[CR] 2nd Campy SR introductions

Example: Books:Ron Kitching

In-Reply-To: <190.347350ec.2ee56aae@aol.com>
References: <190.347350ec.2ee56aae@aol.com>
Date: Mon, 6 Dec 2004 06:07:36 -0800
To: classicrendezvous@bikelist.org
From: Jan Heine <heine93@earthlink.net>
Subject: [CR] 2nd Campy SR introductions

I don't know much about Campagnolo from the 1970s, but if the second generation SR derailleurs were introduced at the fall 1977 trade show, it makes sense that they could have become available only in 1978! So both parties in this debate may be right!

Many items are introduced a few months before you actually can buy them. Of course, with subtle, cosmetic changes that don't require a lot of product engineering and testing, it also can be the other way around, that a running change occurs in production (say the molds for the old plates wear out and they decide to replace them with a smoother, simpler style, while making a few other changes at the same time).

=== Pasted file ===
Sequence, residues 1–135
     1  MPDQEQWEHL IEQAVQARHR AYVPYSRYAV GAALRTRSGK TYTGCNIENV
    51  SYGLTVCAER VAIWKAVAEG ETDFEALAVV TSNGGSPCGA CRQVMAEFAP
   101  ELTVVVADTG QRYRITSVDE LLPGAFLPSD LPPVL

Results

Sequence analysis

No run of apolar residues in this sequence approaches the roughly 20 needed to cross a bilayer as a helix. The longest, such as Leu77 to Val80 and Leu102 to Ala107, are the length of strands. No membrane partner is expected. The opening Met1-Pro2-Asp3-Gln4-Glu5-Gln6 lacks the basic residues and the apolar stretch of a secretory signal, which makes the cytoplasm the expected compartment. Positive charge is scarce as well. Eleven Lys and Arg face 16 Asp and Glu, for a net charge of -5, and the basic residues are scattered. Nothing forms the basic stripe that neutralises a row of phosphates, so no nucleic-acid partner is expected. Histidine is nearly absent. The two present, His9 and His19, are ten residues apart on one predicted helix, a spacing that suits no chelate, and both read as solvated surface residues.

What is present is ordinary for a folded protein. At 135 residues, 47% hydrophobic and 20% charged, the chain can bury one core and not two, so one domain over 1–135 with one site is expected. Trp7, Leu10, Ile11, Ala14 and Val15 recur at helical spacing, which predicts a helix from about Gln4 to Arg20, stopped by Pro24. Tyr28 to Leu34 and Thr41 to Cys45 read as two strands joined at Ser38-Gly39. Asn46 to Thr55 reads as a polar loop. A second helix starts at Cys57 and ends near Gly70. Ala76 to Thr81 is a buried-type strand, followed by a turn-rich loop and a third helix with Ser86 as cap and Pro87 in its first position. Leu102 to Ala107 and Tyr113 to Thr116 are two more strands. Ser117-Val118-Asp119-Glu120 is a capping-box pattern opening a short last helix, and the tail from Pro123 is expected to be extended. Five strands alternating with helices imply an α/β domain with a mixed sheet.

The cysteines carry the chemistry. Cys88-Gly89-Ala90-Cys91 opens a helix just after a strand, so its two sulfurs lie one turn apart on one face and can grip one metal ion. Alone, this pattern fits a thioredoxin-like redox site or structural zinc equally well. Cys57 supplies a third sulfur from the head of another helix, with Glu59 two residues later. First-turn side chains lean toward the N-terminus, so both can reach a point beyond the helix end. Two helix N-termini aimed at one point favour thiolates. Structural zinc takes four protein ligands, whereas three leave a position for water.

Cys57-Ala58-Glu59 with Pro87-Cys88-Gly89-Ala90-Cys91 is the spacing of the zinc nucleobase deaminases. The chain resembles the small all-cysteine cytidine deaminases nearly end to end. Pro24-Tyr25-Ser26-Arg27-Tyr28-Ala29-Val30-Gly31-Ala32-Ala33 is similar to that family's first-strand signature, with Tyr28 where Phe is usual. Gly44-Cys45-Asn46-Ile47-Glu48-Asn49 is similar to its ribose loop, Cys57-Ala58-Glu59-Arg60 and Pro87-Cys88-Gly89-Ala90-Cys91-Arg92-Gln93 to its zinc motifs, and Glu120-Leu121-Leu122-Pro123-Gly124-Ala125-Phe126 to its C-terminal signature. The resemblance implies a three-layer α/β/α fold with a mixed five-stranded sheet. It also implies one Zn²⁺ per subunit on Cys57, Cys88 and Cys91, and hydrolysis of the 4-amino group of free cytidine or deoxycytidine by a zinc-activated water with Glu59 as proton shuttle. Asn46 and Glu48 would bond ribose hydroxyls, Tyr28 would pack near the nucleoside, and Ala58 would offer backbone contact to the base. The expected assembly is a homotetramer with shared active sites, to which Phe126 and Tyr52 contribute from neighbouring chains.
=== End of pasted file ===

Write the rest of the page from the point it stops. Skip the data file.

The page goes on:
Unfortunately, a date stamp may not be perfect evidence, either, because it signifies date of manufacture, if anything, not when it was available for sale. Date of manufacture of the upper pivot housing, to be precise. And I am sure that they made bunches of SR/NR upper housings at a time, and used them until they were gone. So I would not be surprised if some years don't even exist in the "date stamp chronology," because they had enough housings left over from the previous year.

A company for which I contract often sells products as "brand-new" that have spent years in their warehouses. Unlike car factories, which churn out most models all the time, smaller companies usually make a few products at a time, then change their assembly lines to make the next. The product is warehoused until it sells. When warehouse stocks run low, it is put back into production... So I would not be surprised if Campy made cranks for two weeks, then switched to NR rear derailleurs for 2 weeks, then changed to SR derailleurs for a week (few changes needed on the assembly lines), before revamping the lines to make front derailleurs... and so on. Maybe somebody who has visited the factory can illuminate.

Too bad Rebour wasn't working any longer, otherwise, I'd just check Le Cycle and see what they say. Something as important as a cosmetic change in a Campy rear derailleur surely would have caught his eye. -- Jan Heine, Seattle Editor/Publisher Vintage Bicycle Quarterly c/o Il Vecchio Bicycles 140 Lakeside Ave, Ste. C Seattle WA 98122 http://www.mindspring.com/~heine/bikesite/bikesite/